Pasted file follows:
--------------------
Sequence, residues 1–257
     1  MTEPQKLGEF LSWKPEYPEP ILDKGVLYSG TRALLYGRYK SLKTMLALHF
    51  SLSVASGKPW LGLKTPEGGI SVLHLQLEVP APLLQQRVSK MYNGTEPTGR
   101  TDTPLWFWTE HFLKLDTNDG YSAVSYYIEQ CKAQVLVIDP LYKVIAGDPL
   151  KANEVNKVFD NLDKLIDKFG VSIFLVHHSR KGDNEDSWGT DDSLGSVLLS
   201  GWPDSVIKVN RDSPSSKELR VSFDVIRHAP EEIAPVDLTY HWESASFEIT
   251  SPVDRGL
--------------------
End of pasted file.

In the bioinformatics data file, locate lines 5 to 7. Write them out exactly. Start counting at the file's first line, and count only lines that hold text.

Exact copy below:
   151  KANEVNKVFD NLDKLIDKFG VSIFLVHHSR KGDNEDSWGT DDSLGSVLLS
   201  GWPDSVIKVN RDSPSSKELR VSFDVIRHAP EEIAPVDLTY HWESASFEIT
   251  SPVDRGL